Cyclical ketogenic diet and carb refeeds

Potential conclusion (pending full texts): “if you’re gonna keto, no need to carb”

I think these three abstracts are all referring to the same studies.  I haven’t seen the full texts.  My takes are in italics, after each abstract.

Exhibit A. The Effects of an Eight Week Ketogenic Diet vs. a Cyclical Ketogenic Diet on Performance and Testosterone in a Resistance Training Program (Lane, Lowery, Volek, D’Agostino, Wilson, et al., 2015)

Introduction: Our lab recently examined the effects of the ketogenic diet (KD) compared to a western diet regarding strength related performance; additionally, free and total testosterone was evaluated. Individuals on the KD saw similar adaptations in strength and similar changes testosterone. Comparisons of the KD against a cyclic (CKD) in strength, endurance, and testosterone have not been previously demonstrated in literature.

Purpose: Therefore the purpose of this study was to investigate the effects of the KD versus a CKD on performance and testosterone in resistance-trained males.

Methods: Sixteen resistance trained males participated in the study (age: 23.5 ± 3.3; weight: 187.6 ± 32.6). Participants on the KD consumed 5% carbohydrate, 25% protein, and 70% fat for 8 weeks. The CKD group applied the same macronutrient ratio to their diet Monday through Friday, while altering the ratio on weekends (50% carbohydrate, 25% protein, 25% fat). A periodized resistance training program was strictly followed 3 days per week throughout the duration of the study with high intensity interval training implemented on intermittent days 2 times per week by all participants. Participants were placed on a 500 kcal deficit derived from basal metabolic rate determined by the Mifflin St. Jeor equation. One repetition maximum (1RM) strength was assessed on deadlift, bench press, and leg press at baseline with a repeat assessment performed Week 8. Strength endurance was assessed on the leg press at baseline and re-assessed at Week 8. Free and total testosterone was evaluated at baseline and at Week 8. An ANOVA with repeated-measures was used to scrutinize the effects of KD and CKD on dependent variables assuming group (KD and CKD) and time (pre and post) as fixed factors. The significance level was set at p ? 0.05.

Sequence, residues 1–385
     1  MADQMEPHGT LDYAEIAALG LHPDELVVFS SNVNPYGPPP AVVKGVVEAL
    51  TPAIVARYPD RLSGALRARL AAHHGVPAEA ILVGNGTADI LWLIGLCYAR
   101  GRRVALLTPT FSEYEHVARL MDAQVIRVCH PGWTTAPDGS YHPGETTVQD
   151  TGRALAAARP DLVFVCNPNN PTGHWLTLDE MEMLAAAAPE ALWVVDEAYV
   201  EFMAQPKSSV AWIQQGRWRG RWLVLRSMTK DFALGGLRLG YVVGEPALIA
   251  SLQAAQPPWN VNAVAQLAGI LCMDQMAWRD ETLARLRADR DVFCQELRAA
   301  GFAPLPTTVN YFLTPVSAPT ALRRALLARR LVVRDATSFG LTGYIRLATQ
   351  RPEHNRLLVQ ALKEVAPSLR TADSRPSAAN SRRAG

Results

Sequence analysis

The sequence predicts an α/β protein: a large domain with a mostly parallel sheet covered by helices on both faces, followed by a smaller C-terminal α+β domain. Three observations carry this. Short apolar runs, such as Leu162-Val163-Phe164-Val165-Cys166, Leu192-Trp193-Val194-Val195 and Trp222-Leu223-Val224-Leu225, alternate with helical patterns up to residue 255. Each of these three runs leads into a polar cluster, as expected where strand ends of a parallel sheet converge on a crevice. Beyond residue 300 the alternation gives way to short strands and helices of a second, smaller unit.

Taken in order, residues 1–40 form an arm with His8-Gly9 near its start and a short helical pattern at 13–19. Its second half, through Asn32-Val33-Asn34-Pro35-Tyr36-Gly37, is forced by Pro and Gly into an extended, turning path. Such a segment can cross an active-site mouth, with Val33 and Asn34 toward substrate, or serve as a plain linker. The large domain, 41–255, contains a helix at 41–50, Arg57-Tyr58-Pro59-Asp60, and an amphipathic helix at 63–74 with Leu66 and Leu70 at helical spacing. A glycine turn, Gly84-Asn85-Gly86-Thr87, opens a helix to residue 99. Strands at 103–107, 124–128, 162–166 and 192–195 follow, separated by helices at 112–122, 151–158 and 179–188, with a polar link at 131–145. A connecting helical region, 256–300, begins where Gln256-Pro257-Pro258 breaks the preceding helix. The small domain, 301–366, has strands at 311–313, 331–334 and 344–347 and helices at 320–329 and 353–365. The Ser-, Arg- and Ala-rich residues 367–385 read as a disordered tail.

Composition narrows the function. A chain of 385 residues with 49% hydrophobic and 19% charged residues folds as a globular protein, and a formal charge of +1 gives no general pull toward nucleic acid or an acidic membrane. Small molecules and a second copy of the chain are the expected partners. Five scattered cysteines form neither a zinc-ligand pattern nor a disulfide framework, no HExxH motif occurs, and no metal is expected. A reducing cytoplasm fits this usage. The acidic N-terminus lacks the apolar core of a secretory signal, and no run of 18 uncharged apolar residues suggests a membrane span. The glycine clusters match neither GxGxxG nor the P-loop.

Results: There were no differences between groups in the performance tests or testosterone levels detected at baseline (p > 0.05). A time effect was observed for bench press and deadlift 1RM (p < 0.01). There was a trend towards a group by time interaction (p = 0.07) which favored an increase in the leg press 1RM in the KD group. There were no significant differences for leg press strength endurance in both groups. For free testosterone, there were no group or group × time interactions (p > 0.05). For total testosterone, there was a group × time interaction following the diet treatment (p < 0.02). The pairwise comparisons revealed that only the cyclic group decreased in total testosterone (10.3%, p < 0.02).

Conclusions: In regards to performance, a strict KD seems to augment positive strength related adaptations when compared to a CKD. These responses may be explained by sustained total testosterone levels seen in the KD group compared to reductions in total testosterone as a result of the fluctuations in macronutrient intake.

Practical Applications: Individuals attempting to optimize adaptations in strength performance while maintaining testosterone levels should perform a KD compared to a CKD.

My take: no difference between KD & CKD, despite testosterone declining in CKD.  This isn’t surprising because small fluctuations within the physiological range are not expected to affect these outcomes.

When protein and calories are controlled, and the #context is a 500 kcal deficit, not really sure what they were expecting.  Because of the constant deficit, insulin will be low even on the carb-up days, and those carbs are more likely to be burned off than replenish glycogen.

 

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Ice age fairy tales

Trigger warning: potentially offensive.

Trying to pinpoint an Ice Age Diet is about as complicated as defining a Paleo or Mediterranean diet… it would’ve been completely different depending on when & where, season, family/tribe, etc., etc.  And while the interwebz are full of anecdotes & guesses (educated & otherwise), there seems to be little reliable information and a lot of contradictions.

And anyway, is this really relevant for us today?

#context

Hat tip to Prof Tim Noakes for pointing out the work by Curtis Marean, who showed that our species may have survived the ice age(s) in a warmer climate in Africa, where seafood played a large part in their diet: “Humans would have been able to survive because of rich vegetation that was available in the area.”

Here’s what I came up with, and why I feel like ranting.